Computer Reach: Bridging the Digital Divide and Reducing E-Waste
What is the Digital Divide?
When it comes to accessing technology and the internet, many individuals locally, nationally, and internationally are being left behind. In fact, according to the Pew Research Center, 10 percent of adults in the United States of America do not use the internet. That’s more than 25 million people in the United States alone.
As defined by Merriam-Webster, the term “Digital Divide” refers to “the economic, educational, and social inequalities between those who have computers and online access and those who do not.” Inequality is an accurate word to describe the limitations of the Digital Divide. While some may think of technology as a luxury, tech is becoming increasingly important in completing basic functions in the 21st century. In their documentary “Without A Net: The Digital Divide in America,” Verizon explores this challenging issue, highlighting the impact that limited or no access to technology has on the lives of American students. Click here to watch the full video and learn more.
What is Electronic Waste (E-Waste)?
If you subscribe to a phone service provider, chances are that you have experienced offers to upgrade your current device. With new and improved models being released every year, it can be quite tempting to accept the offer, make slightly larger monthly payments, and enjoy the new bells and whistles included on your device. However, here’s an important question: What do you do with an old device when you get a new one? Do you throw it away? Give it to a friend? Trade it in? These questions all play a fundamental role in understanding e-waste and the impact that it has on our communities.
Encyclopedia Britannica defines electronic waste as, “various forms of electric and electronic equipment that have ceased to be of value to their users or no longer satisfy their original purpose.” More commonly referred to as “e-waste,” these pieces of equipment can take many forms, including computers, cell phones, printers, refrigerators, radios, and more. If a device becomes redundant, requires new parts, or is broken altogether, some individuals might rush to throw it in the trash. However, in many cases, these devices could still be repaired, refurbished, reused, or recycled by individuals and organizations in your local community.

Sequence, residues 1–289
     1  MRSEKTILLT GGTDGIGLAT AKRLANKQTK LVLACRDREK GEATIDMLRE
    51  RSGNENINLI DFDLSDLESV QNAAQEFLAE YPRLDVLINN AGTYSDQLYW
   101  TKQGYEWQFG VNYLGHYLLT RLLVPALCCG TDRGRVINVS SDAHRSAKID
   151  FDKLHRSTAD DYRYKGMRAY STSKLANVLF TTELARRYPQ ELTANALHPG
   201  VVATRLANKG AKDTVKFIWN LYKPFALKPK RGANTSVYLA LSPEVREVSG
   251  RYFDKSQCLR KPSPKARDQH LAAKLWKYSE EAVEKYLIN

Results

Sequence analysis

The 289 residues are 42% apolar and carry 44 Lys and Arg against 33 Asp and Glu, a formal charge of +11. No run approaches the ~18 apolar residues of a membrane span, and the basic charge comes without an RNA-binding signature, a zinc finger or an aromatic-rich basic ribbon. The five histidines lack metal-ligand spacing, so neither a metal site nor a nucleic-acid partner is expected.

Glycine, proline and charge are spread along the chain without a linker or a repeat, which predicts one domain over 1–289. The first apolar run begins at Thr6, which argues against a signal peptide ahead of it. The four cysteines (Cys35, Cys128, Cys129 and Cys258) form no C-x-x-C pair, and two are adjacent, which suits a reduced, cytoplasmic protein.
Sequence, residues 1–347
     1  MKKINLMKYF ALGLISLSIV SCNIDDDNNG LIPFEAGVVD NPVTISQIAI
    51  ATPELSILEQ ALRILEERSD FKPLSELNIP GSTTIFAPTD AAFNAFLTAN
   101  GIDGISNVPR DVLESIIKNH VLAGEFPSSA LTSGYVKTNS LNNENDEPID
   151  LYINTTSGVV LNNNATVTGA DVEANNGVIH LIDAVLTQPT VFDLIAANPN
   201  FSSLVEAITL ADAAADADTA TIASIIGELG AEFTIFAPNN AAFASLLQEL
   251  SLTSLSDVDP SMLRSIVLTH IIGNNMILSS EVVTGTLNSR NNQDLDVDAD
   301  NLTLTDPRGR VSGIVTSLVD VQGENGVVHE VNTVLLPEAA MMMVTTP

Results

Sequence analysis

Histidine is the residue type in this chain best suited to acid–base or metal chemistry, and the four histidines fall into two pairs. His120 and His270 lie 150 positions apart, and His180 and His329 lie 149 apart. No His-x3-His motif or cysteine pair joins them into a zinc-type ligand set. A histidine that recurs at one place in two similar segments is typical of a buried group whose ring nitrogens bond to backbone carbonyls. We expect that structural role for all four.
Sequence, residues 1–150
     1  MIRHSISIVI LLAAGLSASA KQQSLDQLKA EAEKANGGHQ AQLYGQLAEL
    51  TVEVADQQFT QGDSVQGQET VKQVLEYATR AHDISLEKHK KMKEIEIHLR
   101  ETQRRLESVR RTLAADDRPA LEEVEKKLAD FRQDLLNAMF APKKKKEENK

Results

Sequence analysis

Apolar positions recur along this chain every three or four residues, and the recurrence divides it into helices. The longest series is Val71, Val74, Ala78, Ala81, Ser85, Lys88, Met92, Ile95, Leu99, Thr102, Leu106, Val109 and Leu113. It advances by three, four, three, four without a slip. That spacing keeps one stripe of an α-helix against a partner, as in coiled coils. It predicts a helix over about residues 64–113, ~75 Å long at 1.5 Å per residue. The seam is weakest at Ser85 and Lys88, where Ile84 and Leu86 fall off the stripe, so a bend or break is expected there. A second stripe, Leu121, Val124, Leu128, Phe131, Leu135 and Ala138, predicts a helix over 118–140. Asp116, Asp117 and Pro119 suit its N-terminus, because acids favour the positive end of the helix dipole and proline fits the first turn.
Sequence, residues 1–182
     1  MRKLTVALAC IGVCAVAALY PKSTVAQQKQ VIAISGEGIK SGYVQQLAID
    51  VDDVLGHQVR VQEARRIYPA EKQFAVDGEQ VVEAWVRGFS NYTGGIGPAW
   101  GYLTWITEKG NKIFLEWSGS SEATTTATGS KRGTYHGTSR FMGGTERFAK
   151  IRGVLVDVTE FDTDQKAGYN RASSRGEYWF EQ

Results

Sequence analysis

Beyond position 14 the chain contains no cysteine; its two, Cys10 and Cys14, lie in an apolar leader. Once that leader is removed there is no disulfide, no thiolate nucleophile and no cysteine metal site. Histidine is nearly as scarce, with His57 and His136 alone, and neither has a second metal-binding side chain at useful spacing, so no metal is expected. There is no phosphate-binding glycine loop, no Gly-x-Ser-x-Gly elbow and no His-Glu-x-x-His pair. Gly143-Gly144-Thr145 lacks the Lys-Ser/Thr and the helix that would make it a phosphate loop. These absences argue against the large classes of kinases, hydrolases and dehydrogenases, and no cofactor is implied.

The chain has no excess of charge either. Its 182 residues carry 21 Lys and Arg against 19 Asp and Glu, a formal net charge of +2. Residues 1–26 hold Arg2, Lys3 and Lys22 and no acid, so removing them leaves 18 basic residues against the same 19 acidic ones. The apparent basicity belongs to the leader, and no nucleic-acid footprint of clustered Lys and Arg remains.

Did you know that e-waste is one of the fastest-growing waste streams? If not properly repaired, reused, or recycled, these devices often make their way to the landfill to sit in piles of trash for not hundreds, not thousands, but millions of years. That’s right. Millions. Electronic devices were designed to not decompose, meaning that something as simple as the glass of a cell phone or computer could take as long as one to two million years to decompose. And if electronic waste continues to make itself to the landfill, eventually, we won’t have any room left.
Further, did you know that several states in the United States of America have banned electronic waste from being dropped off at municipal solid waste (MSW) landfills? In fact, electronics are considered to be “mandatory recyclables” in Pennsylvania. The reason for this is because e-waste materials contain “complex combinations of highly toxic substances that pose a danger to health and the environment” and often “contain recoverable precious materials.” Because of this, e-waste is both wasteful and detrimental to our environment.
Computer Reach is dedicated to responsibly refurbishing, reusing, and recycling received technologies. After repairs have been made, Computer Reach provides the technology to individuals and organizations at affordable prices to increase access and help bridge the digital divide. If you’re interested in donating technology, contact us at 412-444-8816 or firstname.lastname@example.org.
For more information about Computer Reach, visit our News page to view our recent stories. To learn more about the Digital Divide, view this guide from Allconnect.
My parents have been telling me to become more eco-friendly. They mentioned that e-waste was becoming a problem but I didn’t believe them. Thank you for bringing it to my attention that it is one of the fastest-growing waste streams. I’ll be sure to take care of properly disposing of my phone the next time I upgrade it.